“Take your son,…your only one, whom you love”

Do you have the courage to slay the God who doesn’t exist?

Human beings like to create gods, and we’re pretty good at it. Every primitive mythology that ever existed had a full host of gods in all shapes and sizes, each responsible for various important characteristics in the world: love, thunder, creation, etc. Christians, of course, know otherwise. We know there is but one God. We know that He is love, and that He bestows that love unconditionally upon us. And we know many other truths about Him, besides that. … Or do we?

I would argue that we are pretty good at creating false gods ourselves—or at least a false “God”. And let me be clear: I’m not talking about the fact that we can often make other persons or things in our lives into de facto gods, who consume our attention and devotion. Those are relatively easy to recognize, and Lent is a perfect time to expose them, and seek the grace to be free from their influence.

No, I’m talking about a false God who is much more difficult to identify, because at first blush, He has all the attributes of the one, true God who Is. Let me offer a childish, but telling, example. When I was a boy, I wanted a pony in the worst possible way. I had been taught (and earnestly believed), from my first day of religion class, that if I asked, I would receive. God loved me wholeheartedly, and would always do what was best for me, and I should do my best to love Him, and to behave as I knew He wanted me to. I had no reason to doubt that the pony would be good for me, and I knew that I was doing my best to be good. After all, God didn’t expect perfection, right? And so I prayed for that pony. And I prayed. And I prayed some more. And day after day, week after week: no pony. I can’t pinpoint the day or the hour, but I recall that even as a child, I started being skeptical about this whole “God thing.” I wouldn’t say that I ever doubted God’s existence, but I started wondering just how relevant He really was in my life. As I got older, there were much more serious things than ponies that I would pray for (healing of painful family situations, freedom from addictions, favorable vocation choices, etc.), and I didn’t necessarily find that God was behaving as I knew He “should.”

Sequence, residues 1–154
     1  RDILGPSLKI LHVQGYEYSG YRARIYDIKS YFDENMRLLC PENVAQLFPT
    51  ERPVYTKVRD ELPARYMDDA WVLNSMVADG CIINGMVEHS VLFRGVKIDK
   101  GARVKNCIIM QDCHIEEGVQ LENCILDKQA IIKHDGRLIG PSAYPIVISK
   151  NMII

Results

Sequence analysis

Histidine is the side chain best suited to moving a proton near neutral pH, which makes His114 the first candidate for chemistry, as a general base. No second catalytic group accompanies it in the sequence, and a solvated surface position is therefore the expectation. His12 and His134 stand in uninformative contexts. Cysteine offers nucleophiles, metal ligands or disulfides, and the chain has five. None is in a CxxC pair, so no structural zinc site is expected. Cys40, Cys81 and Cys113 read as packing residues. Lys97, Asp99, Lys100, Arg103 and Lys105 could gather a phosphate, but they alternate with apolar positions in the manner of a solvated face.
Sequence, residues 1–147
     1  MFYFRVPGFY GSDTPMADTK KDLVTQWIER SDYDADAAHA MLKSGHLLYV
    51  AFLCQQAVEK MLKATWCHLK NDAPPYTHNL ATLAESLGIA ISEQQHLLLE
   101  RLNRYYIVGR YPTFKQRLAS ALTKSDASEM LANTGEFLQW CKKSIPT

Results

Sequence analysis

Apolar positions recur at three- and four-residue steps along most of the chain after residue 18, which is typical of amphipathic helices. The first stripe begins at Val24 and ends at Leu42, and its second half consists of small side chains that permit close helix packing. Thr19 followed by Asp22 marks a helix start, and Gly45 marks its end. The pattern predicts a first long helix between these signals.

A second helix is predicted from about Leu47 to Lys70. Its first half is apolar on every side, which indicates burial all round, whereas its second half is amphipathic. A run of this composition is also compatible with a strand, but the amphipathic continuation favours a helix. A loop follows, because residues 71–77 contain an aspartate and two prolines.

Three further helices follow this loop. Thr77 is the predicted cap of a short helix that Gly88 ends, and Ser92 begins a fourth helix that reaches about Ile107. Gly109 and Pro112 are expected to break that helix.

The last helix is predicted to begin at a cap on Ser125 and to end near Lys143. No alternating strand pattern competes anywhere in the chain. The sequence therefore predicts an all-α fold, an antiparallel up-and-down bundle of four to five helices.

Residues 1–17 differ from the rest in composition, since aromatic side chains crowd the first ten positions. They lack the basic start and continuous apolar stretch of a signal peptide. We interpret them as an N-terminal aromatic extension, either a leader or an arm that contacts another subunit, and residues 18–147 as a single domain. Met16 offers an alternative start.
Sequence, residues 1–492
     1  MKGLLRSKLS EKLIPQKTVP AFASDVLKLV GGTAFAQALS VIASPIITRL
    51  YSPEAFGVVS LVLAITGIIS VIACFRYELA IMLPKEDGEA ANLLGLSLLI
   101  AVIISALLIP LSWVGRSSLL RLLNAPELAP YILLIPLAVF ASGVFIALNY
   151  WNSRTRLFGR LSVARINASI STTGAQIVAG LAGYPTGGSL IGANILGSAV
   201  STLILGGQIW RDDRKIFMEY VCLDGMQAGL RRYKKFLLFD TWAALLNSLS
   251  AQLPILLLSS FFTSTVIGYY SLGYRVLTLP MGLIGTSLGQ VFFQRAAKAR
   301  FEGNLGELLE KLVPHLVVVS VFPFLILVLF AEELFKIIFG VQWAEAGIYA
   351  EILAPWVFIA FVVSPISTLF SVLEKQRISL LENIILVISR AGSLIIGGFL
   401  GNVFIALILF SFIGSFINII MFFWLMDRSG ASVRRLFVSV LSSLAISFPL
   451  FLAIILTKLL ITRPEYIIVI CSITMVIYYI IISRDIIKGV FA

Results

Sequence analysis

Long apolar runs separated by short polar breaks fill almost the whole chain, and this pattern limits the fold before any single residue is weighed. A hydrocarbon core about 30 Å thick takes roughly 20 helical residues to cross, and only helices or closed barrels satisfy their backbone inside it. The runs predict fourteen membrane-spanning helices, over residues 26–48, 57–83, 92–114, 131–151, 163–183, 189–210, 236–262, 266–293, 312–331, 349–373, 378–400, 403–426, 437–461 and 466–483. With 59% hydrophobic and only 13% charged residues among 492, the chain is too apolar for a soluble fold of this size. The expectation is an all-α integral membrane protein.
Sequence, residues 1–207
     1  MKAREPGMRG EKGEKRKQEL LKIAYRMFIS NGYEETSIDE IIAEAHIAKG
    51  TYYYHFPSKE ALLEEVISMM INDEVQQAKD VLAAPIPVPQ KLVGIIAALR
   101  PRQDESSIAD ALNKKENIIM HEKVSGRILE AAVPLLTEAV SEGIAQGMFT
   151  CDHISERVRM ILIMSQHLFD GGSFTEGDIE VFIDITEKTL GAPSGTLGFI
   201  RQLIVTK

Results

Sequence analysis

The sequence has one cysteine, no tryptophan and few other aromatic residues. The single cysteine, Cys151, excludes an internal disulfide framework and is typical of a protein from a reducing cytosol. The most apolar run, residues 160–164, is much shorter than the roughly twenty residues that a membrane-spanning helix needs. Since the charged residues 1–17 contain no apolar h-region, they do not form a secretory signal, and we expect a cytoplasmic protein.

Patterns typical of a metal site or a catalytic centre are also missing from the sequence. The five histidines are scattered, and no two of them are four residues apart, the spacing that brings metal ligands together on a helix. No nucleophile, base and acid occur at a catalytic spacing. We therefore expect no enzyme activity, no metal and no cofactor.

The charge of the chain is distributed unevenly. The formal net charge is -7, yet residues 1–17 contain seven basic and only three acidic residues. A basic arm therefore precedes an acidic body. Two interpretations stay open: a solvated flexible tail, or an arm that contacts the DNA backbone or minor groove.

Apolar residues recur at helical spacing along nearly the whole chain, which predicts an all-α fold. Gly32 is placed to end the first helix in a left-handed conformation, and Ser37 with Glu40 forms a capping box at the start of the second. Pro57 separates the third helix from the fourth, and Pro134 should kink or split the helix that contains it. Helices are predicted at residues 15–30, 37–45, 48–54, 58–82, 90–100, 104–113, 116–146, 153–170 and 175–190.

Many experiences can lead to our developing a sense of a false “God.” Growing up in a household ruled by judgmental, domineering parents can result in a God who is angry, and always disappointed by our best efforts. Conversely, a life that is “charmed,” in which our every desire is indulged, and we benefit from the good fortune of others, can produce a God who is little more than a benign Santa Claus in the sky, who would never ask of us a serious sacrifice, or to let go completely of our possessions. Bitter disappointments, or unrealized dreams, can hatch a God who simply doesn’t care, and certainly doesn’t love unconditionally.

Our readings today are all about revealing the one, true God as he truly is, not how we imagined (or wanted) Him to be. On the mountain with Jesus, Peter, James, and John learned that there was a quality of their friend and teacher which they had never imagined in their wildest dreams. And they were left having to decide whether or not that vision was real. And if it was, then they could never think about Jesus in the same way again. They would have to learn anew what this man was all about. They would have to accept him on his own terms. Similarly, Abraham had to face the fact that the God who had promised he would be the “father of many nations,” was now asking him to sacrifice his only son—to kill the “one whom you love.” If Abraham were to accept that this really was God, then there was something about this God that he had not glimpsed before.

One of the most difficult spiritual tasks is to unmask any element of a false god that might be lurking in our hearts. That god does not really exist, and he must be slain. Our Lenten practices of prayer and sacrifice can be powerful tools to expose what is false, and reveal what is true. Most importantly, we should pray for the grace of courage in facing the fear which whispers that if we kill the false god, then we will be left utterly alone and without any god at all.

Slay the god who doesn’t exist, and be embraced by the God who does.

Fr. John Kartje About Fr. John Kartje

Fr. John Kartje, a priest of the Archdiocese of Chicago, has served in both parishes and campus ministry. He is currently the rector of Mundelein Seminary, where he teaches courses on Scripture, and on the relationship between theology and science. He holds a doctorate in Biblical Studies from the Catholic University of America, and a doctorate in astrophysics from the University of Chicago.


  1. Can we clone you?
    We need more priests who speak the truth.

  2. We need more priests who speak the truth about same sex attraction.
    This website has been very helpful: